Turtles appear in both Chinese medicine and cuisine, and the double duty is putting a strain on their numbers, as Public Radio International (PRI) reports. The reptiles are poached for their meat, used in turtle soup or other dishes; their shells appear in consumer products, ranging from guitar picks to handbags; even turtle bones have a use in Chinese medical treatments.
Sea turtles are an important part of marine ecology, helping to maintain coral reefs and grass beds, the WWF notes. In doing so, they help humans by supporting the area homes to commercially important animals such as shrimp, lobster and tuna.
With fewer than 120 individuals left in the wild, the Chinese alligator (Alligator sinensis) is the most endangered species in the crocodilian family, according to the Wildlife Conservation Society.
Beginning nearly 7,000 years, humans began encroaching on the alligators' habitat, converting the land to rice fields. Habitat destruction, wetland contamination, poisoning, poaching and more hit the animals so drastically that the IUCN includes the alligator as critically endangered on its Red List.
In traditional Chinese medicine, the meat of these alligators is considered a cure for the common cold. Its organs are also sold for other alleged medicinal properties, such as preventing cancer.
First designated as vulnerable on the IUCN's Red List in 2007, the sun bear (Helarctos malayanus) is the world's smallest bear species and a native of the tropical forests of Southeast Asia. In a matter of a couple of decades, wild populations of these bears have halved, thanks in large part to poaching.
The bears are farmed for their bile, believed to have medicinal properties, even though there's no scientific basis to support its use in any sort of treatment. Instead of being killed, bear are farmed for their bile, caged up in constraining and downright painful conditions that can lead to infection or worse.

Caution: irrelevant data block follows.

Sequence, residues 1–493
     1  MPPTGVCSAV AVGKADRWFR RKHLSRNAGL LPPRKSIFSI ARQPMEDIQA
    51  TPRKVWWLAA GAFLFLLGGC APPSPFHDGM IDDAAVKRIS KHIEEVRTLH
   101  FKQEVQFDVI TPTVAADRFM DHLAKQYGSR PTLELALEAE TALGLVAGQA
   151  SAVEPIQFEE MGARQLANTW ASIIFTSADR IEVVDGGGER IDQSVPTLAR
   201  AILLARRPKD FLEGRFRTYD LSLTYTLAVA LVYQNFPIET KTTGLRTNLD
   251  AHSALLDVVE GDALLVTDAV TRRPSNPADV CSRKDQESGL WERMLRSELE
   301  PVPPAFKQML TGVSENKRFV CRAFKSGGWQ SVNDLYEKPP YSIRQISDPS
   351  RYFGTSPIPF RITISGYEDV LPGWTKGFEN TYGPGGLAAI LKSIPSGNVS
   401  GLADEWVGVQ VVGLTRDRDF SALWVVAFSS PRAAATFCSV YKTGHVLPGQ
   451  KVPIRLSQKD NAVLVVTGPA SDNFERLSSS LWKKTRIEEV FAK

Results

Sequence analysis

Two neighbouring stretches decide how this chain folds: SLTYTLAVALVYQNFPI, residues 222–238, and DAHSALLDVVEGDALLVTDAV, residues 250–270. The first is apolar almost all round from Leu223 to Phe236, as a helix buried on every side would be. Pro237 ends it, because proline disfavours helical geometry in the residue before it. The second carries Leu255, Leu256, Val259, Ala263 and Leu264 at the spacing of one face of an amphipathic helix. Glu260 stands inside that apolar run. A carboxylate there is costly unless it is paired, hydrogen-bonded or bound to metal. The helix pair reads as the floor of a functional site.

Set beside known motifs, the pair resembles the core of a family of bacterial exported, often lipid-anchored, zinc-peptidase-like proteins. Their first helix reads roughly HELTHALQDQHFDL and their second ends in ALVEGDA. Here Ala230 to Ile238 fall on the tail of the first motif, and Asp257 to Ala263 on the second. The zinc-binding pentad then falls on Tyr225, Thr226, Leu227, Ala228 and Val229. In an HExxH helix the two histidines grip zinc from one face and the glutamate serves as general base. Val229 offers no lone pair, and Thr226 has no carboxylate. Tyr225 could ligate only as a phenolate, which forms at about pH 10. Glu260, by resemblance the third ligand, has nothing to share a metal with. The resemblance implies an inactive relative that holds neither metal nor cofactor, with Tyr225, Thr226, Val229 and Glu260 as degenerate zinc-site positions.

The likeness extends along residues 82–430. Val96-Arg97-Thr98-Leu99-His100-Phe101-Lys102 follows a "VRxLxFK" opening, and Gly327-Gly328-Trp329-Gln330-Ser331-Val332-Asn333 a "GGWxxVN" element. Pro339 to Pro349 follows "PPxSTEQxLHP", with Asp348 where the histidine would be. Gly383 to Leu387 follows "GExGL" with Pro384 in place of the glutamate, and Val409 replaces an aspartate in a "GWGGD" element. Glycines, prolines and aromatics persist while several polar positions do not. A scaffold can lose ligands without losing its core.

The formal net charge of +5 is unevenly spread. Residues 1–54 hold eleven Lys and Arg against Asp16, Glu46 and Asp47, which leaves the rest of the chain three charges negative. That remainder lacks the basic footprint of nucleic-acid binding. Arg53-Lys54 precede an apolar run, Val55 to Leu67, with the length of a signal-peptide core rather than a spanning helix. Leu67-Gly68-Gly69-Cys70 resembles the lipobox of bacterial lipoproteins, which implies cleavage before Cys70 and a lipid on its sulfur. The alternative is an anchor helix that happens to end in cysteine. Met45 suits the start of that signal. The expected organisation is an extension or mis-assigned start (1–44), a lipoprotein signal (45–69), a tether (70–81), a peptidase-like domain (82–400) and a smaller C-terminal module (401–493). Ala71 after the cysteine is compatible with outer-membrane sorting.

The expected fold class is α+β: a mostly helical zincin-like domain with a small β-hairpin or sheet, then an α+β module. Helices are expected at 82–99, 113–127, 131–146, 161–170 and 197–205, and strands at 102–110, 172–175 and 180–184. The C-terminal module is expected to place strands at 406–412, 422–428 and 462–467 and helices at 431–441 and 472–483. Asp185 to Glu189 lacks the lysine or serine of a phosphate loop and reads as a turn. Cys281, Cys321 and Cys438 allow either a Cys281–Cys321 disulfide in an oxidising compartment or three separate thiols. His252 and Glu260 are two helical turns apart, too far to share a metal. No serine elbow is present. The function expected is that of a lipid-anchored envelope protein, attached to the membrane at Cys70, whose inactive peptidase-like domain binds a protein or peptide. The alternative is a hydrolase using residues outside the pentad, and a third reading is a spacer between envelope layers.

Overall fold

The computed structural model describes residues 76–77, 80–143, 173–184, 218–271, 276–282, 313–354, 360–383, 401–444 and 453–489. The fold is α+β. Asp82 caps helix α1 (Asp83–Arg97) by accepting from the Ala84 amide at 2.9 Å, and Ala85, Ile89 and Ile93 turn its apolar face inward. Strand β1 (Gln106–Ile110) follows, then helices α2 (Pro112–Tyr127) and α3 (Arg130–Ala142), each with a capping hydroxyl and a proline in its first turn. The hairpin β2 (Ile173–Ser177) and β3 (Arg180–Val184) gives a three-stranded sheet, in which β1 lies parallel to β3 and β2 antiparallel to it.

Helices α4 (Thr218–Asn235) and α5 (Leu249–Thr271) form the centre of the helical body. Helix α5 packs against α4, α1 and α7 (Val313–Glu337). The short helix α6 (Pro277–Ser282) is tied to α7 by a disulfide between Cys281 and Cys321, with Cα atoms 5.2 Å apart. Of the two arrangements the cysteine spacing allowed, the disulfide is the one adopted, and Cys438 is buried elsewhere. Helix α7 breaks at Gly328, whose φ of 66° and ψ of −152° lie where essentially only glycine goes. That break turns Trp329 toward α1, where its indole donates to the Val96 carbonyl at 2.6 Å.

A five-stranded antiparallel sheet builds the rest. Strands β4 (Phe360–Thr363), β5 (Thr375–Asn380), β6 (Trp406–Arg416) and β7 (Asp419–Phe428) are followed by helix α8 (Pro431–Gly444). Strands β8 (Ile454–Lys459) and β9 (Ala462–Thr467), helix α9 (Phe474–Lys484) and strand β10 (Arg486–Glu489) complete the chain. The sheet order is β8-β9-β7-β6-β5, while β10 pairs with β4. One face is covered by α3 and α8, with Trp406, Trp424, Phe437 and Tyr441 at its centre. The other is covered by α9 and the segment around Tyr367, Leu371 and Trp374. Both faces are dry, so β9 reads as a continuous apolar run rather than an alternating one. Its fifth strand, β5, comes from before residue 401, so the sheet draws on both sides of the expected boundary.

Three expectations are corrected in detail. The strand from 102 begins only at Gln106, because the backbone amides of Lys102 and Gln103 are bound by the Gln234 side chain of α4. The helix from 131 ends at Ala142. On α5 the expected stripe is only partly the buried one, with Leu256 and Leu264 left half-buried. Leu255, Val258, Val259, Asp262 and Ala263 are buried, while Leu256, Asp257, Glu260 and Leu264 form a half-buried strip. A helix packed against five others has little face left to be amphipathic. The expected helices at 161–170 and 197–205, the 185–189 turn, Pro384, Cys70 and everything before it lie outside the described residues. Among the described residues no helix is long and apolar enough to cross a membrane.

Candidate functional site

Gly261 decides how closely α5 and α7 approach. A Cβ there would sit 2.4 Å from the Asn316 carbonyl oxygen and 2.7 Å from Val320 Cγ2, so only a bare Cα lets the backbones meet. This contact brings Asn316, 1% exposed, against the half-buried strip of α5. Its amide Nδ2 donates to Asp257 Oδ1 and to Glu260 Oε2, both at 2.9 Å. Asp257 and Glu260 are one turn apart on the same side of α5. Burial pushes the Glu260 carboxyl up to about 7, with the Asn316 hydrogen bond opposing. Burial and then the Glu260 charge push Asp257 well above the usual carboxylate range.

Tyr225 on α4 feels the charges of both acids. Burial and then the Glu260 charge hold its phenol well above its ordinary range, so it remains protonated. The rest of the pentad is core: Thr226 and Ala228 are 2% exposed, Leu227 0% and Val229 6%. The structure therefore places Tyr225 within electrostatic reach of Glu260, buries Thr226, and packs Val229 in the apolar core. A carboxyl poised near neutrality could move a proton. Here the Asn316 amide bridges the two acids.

Rhinoceros numbers crashed in the 20th century as the demand for their horns for use in traditional Chinese medicine contributed to their demise. All five species of rhinos have faced the threat of extinction. Two species, the Javan rhino and the Sumatran rhino, have numbers totaling less than 100 in the wild.
China banned the inclusion of rhino horn for products of medicinal use in the 1990s, and demand has been limited since at least in the People's Republic. However, as The Atlantic reports, the reprieve given to rhino populations was short-lived.
In the mid-2000s, a rumor spread in Vietnam that ingesting rhino horn cured a politician's cancer. Largely as a result of Vietnamese demand, rhinos are once again on the brink. Given that a kilogram sell for $100,000 (or $45,450 a pound), a single rhino horn adds up to about $300,000, a hefty price on the head of any animal.
The vaquita, which translates to "little cow" in Spanish, is a marine mammal native to Mexico and the world's smallest porpoise. The porpoise itself isn't sought after by fishermen, but these animals frequently find their way into gillnets as bycatch. Less than a 100 of them are thought to exist in the wild, all because of China's demand for the giant fish, the totoaba, The Guardian reports.
The fish bladder, whcih can sell anywhere from $2,500 to $9,400 have been dubbed "aquatic cocaine" due to both their price and the appetite for them. Given the price these animals fetch, it's unlikely that the solution to the vaquita's woes, permanently removing all gillnets from the porpoise's territory, will catch on with fishermen.
Musk deer are on the decline across Asia, and all because of their musk. The scent gland, or "pod," that gives the animal is used a range of traditional medicine to treat everything from heart problems to breathing issues, according to the WWF. The musk also appears in shampoos, perfumes, cosmetic, detergents and a variety of other products.
Even though the mush from the gland can be produced artificially, natural musk is still more valued by both manufacturers and consumers, meaning thousands of deer are dying over a simple matter of preference.